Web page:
In other words, with the exception of my morning client, I managed to experience the day without an agenda.  Without the need to cross things off a list. (Ok…I confess… there was a little of that.)  But still it was an extraordinary day for Mimm Patterson.

Ps…by the way, this whole reading for pleasure business is fantastic!  I don’t know why I never considered it before.  Now there are a slew of books in my queue – my next Kingsolver will be The Poisonwood Bible.  After that Steven Harrigan’s Remember Ben Clayton.  Tomorrow it’s Velva Jean Learns to Drive by Jennifer Niven.  And then I’m on to all the books I said I’ve always wanted to read but never have…

Let the Dust Clouds Settle

Me. In my favorite chair. Sitting still.

Flummoxed.  I’m flummoxed.

Even though the weather in the Bay Area has most of us convinced it is still March, the truth is we’re six months into 2011.   Hard to believe, isn’t it?  I’d love to say that so far it’s been an exciting, productive one hundred and eighty days (give or take) but the truth is so far this year has been about introspection and healing.  At least for me. And, for now, there is very little I want to share about that.  Except maybe to say something we can always count on is change.  Nothing ever stays the same.

Instead I’ll tell you that I emptied my change bucket on Memorial Day and discovered that throwing the days collection of quarters, nickels and dimes into an old water bottle could yield – after sixteen months – three hundred and twenty dollars. Coin Star took a small chunk of that, of course, but I still had enough for two sessions of therapy and a few groceries.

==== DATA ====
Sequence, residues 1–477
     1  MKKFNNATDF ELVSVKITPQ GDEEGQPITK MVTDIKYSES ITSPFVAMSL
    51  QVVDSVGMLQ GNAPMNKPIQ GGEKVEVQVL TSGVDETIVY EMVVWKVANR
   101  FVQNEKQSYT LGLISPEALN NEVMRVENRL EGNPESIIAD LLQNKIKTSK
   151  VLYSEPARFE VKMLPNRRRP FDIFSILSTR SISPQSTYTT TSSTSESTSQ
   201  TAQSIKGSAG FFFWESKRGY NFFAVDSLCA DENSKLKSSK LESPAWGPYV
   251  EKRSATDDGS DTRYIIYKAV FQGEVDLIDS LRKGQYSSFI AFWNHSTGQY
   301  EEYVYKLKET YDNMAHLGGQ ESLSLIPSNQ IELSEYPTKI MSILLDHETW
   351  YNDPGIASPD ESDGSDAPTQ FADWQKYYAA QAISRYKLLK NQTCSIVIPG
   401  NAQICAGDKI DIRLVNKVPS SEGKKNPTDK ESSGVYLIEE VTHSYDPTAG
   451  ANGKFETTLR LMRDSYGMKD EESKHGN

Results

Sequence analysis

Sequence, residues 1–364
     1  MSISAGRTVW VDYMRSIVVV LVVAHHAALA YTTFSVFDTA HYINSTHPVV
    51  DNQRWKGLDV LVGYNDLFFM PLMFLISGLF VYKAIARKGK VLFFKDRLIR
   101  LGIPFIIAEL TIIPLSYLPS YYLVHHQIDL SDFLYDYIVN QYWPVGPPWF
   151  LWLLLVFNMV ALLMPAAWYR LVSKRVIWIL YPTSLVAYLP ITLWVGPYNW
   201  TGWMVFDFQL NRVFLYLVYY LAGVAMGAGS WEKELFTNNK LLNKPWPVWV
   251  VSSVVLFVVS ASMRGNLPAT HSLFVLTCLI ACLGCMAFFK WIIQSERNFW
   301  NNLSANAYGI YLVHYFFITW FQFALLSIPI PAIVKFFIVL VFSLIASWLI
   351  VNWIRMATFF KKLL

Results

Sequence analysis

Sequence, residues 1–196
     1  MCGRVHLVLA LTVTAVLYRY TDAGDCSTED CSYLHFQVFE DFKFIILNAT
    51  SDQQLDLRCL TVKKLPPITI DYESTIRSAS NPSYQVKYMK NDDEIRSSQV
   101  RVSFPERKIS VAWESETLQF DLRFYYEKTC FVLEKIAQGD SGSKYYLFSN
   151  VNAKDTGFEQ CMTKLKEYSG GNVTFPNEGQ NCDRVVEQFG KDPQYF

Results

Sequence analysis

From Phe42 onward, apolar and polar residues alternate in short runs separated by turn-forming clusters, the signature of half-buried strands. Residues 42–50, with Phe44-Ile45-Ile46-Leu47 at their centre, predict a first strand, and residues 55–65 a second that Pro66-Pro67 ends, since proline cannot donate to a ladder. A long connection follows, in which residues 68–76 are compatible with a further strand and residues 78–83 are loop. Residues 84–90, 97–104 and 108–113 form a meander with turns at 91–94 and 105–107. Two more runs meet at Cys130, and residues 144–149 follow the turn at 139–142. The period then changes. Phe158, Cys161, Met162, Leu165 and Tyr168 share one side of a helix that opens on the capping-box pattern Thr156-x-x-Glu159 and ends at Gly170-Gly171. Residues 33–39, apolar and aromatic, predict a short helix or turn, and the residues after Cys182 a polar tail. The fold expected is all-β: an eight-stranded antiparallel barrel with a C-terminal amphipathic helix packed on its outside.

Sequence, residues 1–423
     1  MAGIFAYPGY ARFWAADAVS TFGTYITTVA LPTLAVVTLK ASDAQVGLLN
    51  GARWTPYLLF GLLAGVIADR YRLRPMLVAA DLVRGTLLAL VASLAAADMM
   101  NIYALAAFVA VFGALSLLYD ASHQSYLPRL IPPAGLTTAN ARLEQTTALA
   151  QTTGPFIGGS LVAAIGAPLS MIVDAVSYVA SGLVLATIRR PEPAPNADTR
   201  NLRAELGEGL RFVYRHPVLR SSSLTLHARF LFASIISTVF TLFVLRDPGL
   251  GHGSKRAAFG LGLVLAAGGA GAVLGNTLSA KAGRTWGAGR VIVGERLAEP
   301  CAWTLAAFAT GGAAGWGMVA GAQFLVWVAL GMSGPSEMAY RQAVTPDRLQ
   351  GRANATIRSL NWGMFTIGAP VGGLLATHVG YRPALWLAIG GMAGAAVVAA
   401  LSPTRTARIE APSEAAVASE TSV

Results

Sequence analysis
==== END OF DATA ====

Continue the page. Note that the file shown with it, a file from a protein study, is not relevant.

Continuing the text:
And I’ll tell you about how I arrived for a hair cut at my favorite corner salon and ran out of it thirty minutes later looking not unlike an East German gymnast circa 1964.  Attempts at home to re-style the odd and uneven razor cut with any gel, mousse and wax left in the back of my closet since 1992 failed.

Fortunately, when I returned to the salon today they happily re-cut my hair for free.  Crises averted.  I thought I was going to have pull out my acid washed mom jeans and Sally Jesse Raphael glasses.

And that’s pretty much it.

I’ve not even checked in with eHarmony for new matches or OKCupid to count the arrows in my quiver.